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Tuesday, October 4, 2016

Who is a Legal Parent? Redux Edition - Partanen v. Gallagher

About a year ago we posted a series entitled Who is a Legal Parent? and addressed the many ways in which a parent (someone who takes care of a child) can also be considered a legal parent (someone who the court recognizes has rights and obligations relating to the care of a child).   In the Venn Diagram to the left you can see that these two categories overlap but not everyone who is a legal parent acts like a parent, and not everyone who acts like a parent is recognized as a legal parent.

Today, the Massachusetts SJC expanded the purple section of this diagram, recognizing that a non-biological parent who "jointly with the mother, received the child into their home and openly held out the child as their child" is a legal parent.  In Partanen v Gallagher the SJC read the statutory definition of paternity to include a non-biological same-sex parent.
"In addressing Partanen's claims on direct appellate review, we consider the question whether a person may establish herself as a child's presumptive parent under G. L. c. 209C, § 6 (a) (4), in the absence of a biological relationship with the child. We conclude that she may."
We review this decision below:

The court first reviewed the timeline of the relationship between Partanen and Gallagher, the two mothers in this case:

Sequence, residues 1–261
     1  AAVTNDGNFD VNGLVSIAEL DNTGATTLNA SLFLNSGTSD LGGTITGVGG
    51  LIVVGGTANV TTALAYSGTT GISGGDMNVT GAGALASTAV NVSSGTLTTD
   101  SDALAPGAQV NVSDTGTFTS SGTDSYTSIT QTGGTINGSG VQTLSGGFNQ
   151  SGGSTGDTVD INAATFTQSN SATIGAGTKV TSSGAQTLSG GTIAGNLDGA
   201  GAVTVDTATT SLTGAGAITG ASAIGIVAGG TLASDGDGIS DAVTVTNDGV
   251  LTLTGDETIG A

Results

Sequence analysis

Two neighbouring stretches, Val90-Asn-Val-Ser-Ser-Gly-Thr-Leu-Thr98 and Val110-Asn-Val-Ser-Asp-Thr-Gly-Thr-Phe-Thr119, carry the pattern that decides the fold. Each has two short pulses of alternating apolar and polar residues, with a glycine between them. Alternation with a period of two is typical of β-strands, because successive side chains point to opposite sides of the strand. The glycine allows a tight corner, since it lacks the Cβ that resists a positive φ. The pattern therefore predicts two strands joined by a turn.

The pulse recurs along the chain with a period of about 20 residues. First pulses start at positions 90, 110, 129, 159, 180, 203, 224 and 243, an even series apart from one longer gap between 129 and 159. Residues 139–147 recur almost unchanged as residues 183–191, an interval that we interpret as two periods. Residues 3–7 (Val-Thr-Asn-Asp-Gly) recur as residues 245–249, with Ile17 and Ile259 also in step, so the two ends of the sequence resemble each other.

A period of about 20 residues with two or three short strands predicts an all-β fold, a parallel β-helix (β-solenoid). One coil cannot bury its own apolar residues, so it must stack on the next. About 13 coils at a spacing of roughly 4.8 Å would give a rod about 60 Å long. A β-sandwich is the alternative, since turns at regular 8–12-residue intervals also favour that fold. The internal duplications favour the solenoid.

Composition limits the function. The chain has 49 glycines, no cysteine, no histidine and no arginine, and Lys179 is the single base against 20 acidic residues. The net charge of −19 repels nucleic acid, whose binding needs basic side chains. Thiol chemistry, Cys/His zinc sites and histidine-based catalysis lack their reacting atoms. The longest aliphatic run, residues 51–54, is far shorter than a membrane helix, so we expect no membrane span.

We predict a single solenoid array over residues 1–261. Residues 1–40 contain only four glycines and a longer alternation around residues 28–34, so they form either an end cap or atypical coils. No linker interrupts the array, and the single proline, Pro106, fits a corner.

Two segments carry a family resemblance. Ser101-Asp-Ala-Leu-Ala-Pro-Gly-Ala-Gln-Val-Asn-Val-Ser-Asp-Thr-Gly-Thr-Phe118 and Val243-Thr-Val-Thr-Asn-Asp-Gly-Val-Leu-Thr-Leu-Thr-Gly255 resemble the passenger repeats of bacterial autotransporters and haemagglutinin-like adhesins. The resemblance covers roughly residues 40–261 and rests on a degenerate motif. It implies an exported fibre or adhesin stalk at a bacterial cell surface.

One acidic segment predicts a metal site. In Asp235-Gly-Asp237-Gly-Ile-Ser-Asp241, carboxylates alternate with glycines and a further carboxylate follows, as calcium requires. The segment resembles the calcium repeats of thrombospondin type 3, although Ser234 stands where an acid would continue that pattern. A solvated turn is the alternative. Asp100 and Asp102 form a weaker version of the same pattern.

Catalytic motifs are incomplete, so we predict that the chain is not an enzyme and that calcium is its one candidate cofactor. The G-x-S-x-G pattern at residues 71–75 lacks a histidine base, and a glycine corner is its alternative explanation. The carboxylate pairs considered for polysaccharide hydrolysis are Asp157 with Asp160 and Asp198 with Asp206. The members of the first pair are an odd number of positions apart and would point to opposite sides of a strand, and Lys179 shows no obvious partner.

2001 - Partanen and Gallagher entered into a committed relationship.
2002 - They moved to Florida and purchased a house.
2005 - They decided to start a family; Partanen unsuccessfully underwent fertility treatment.
2007 - Gallagher underwent similar treatment and was successful and gave birth to a daughter.
2011 - Gallagher again underwent a fertility treatment and gave birth to a son.
2012 - They returned to Massachusetts together.
2013 - They separated and Partanen moved out of the family home.

From 2007 to 2013, Partanen participated in raising the children from birth, but did not formally adopt the children.  In February, 2014, Partanen filed an action seeking shared legal custody and parenting time with the children under the "de facto" parenting standard.  In October 2014 she also filed a Petition to establish legal parentage under G. L. c. 209C, § 6 (a) (4) among other laws.  The SJC did not reach her other assertions (under the reproductive technologies statute and under constitutional claims) because they found in her favor under G. L. c. 209C, § 6 (a) (4).

The trial judge dismissed the second complaint but did provide custody and parenting time to Partanen under the "de facto" parent standard, expanding the traditional "de facto" parentage case law to include legal custody and child support.  That issue is under appeal as well, but the issue of legal parentage under 209C reached the SJC first resulting in this decision.

G. L. c. 209C, § 6 (a) (4) states that "a man is presumed to be the father of a child" born out of wedlock if "he, jointly with the mother, received the child into their home and openly held out the child as their child."